What’s up with... AT&T and Rakuten Symphony, Nokia, Türk Telekom and Red Hat

  • AT&T and Rakuten Symphony team up on Open RAN enhancements
  • Nokia boasts 5G edge slicing success
  • Türk Telekom gears up for Red Hat’s OpenShift

A colossal Open RAN partnership, slicing news and some telco cloud developments from Turkey lead the way on this MWC22 day 1 news roundup. 

This has been a big day for Rakuten Symphony. As well as announcing the acquisition of Robin.io, the Open RAN-focused vendor spin-out from Japanese mobile operator Rakuten Mobile signed a collaboration agreement with AT&T to “enhance solutions within the Symworld platform to accelerate network planning and deployment in both greenfield and brownfield environments.” Symworld is, essentially, the packaged, productised and enhanced version of the Rakuten Communications Platform (RCP), the cloud-oriented, virtualized collection of functions and tools that are used to plan, build and run the Rakuten Mobile 4G and 5G networks in Japan and which Symphony is offering, along with its systems integration expertise, to any network operator worldwide that’s interested in deploying an Open RAN-enabled network. Symphony and AT&T aim to “develop and bring to market solutions through the platform by drawing on technologies, experience, and expertise currently used for widescale network deployments by AT&T in the U.S. and Rakuten Mobile in Japan.” Read more.    

And still with Rakuten... Tareq Amin is a busy guy. Already the CEO of Rakuten Symphony, the Open RAN technology vendor offshoot of Rakuten Mobile, he has now also been named as the incoming CEO of Rakuten Mobile itself, in an effort to accelerate the growth of the Japanese mobile operator. He will replace Yoshihisa Yamada from 30th of March 2022. That’s going to make Amin, who was previously Rakuten Mobile CTO, an even more desirable contact on the show floor in Barcelona during #MWC22. Rakuten Mobile, which currently has more than 5.5 million customers but which is still reporting major operating losses, made the announcement late Friday in a ‘new management structure’ announcement that was lacking in commentary or explanation.

Nokia is claiming the world’s first deployments of 5G Edge Slicing on commercial mobile networks with developments at two operators, Scandinavian giant Telia and Israel’s Cellcom. The vendor’s Edge Slicing solution promises capabilities for which operators the world over  are desperate — that is, the capability for CSPs to offer their enterprise customers secure network slices, essentially cellular virtual private networks, over 4G and 5G networks, thus creating new revenue-generating opportunities and an enhanced opportunity to team up with cloud-based application specialists. In Tampere, Finland, Telia is working with Nokia to trial a service with engineering firm Sandvik to see how 5G slicing can interact with various digital applications and mining equipment, while in Israel the trial with Cellcom is focused on more generic business applications and enterprise interconnectivity.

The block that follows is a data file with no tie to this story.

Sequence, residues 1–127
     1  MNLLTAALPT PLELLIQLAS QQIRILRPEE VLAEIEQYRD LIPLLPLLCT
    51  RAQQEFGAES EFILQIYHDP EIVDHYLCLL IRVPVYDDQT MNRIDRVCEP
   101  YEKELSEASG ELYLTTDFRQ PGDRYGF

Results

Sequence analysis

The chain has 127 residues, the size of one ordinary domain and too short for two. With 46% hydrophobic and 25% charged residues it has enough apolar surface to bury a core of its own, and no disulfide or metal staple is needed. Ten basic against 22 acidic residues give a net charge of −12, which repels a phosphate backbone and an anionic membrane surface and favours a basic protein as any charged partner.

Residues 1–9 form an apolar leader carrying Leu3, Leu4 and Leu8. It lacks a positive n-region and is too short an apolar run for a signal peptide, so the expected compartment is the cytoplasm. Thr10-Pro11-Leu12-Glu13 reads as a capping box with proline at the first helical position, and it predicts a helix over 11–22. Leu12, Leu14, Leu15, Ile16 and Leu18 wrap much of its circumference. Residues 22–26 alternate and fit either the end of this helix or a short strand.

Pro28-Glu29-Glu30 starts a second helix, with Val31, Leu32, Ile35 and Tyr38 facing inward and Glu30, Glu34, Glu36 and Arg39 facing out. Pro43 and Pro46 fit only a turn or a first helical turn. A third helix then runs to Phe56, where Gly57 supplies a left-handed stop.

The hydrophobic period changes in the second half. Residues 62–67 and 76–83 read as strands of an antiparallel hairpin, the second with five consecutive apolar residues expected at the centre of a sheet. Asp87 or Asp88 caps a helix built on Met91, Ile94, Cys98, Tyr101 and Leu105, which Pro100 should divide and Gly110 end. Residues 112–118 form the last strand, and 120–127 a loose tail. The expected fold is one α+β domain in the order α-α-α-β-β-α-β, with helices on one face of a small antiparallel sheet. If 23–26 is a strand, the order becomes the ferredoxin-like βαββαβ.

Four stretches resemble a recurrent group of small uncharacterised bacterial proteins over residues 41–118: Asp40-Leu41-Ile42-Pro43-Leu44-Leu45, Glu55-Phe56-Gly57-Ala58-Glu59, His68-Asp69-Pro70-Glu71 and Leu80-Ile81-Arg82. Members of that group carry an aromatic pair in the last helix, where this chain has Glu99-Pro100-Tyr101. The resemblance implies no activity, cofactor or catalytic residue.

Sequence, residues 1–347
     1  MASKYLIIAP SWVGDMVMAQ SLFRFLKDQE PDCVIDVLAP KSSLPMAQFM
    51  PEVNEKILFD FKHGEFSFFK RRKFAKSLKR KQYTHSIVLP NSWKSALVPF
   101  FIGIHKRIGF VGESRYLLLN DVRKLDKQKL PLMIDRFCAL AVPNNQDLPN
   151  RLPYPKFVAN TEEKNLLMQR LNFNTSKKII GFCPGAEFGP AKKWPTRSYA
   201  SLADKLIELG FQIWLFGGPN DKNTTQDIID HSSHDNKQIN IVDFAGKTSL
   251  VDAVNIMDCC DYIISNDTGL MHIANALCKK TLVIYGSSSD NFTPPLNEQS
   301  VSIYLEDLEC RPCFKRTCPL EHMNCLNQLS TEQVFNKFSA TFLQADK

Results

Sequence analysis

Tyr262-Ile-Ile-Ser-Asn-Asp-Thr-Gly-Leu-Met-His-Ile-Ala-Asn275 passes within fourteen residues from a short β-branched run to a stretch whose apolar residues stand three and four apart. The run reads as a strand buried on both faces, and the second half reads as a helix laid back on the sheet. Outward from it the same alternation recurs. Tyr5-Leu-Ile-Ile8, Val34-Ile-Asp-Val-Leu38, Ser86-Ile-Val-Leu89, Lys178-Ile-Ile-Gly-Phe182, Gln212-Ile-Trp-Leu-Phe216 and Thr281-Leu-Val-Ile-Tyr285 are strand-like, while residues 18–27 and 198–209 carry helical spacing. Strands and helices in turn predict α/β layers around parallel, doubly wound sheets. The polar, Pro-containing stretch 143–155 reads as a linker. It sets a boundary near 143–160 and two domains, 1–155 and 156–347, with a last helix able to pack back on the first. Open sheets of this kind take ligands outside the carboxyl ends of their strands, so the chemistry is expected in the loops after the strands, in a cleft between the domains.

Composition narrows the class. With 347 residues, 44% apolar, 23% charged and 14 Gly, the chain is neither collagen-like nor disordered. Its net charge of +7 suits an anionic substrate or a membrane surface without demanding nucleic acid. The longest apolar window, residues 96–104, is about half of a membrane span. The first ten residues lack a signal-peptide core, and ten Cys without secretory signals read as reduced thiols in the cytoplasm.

Türk Telekom has tapped Red Hat’s cloud-native OpenShift platform to migrate 30 applications from traditional telco IT systems to a cloud environment. With the move, the Turkish operator aims to accelerate its digital transformation so it can meet customer demands more quickly and alleviate disruption caused by the Covid-19 pandemic. Benefits touted by Red Hat include cutting time to market from days to seconds, improved application performance and adaption of the operator’s training and support. The move is important as many telcos around the world aim to adopt cloud-oriented day-to-day processes in order to improve their efficiencies and to become ‘smarter’ and more agile companies – without such moves, telcos will suffer from having cumbersome and outdated business practices. 

The organiser of MWC, the GSMA, reacted to the conflict between Russia and Ukraine by barring “a handful” of Russian companies from the show, Reuters reported. On its website, the GSMA said that the event in Barcelona will also lack a Russian pavilion. It also expressed a strong condemnation of, quoting, the Russian invasion of Ukraine. While the industry association described MWC as immaterial given the current circumstances, it noted that the congress itself is a unifying event aiming to convene the mobile ecosystem and push connectivity to help people, industry and society thrive. The GSMA also provided assurance that security for the event is under constant review and adjustments.

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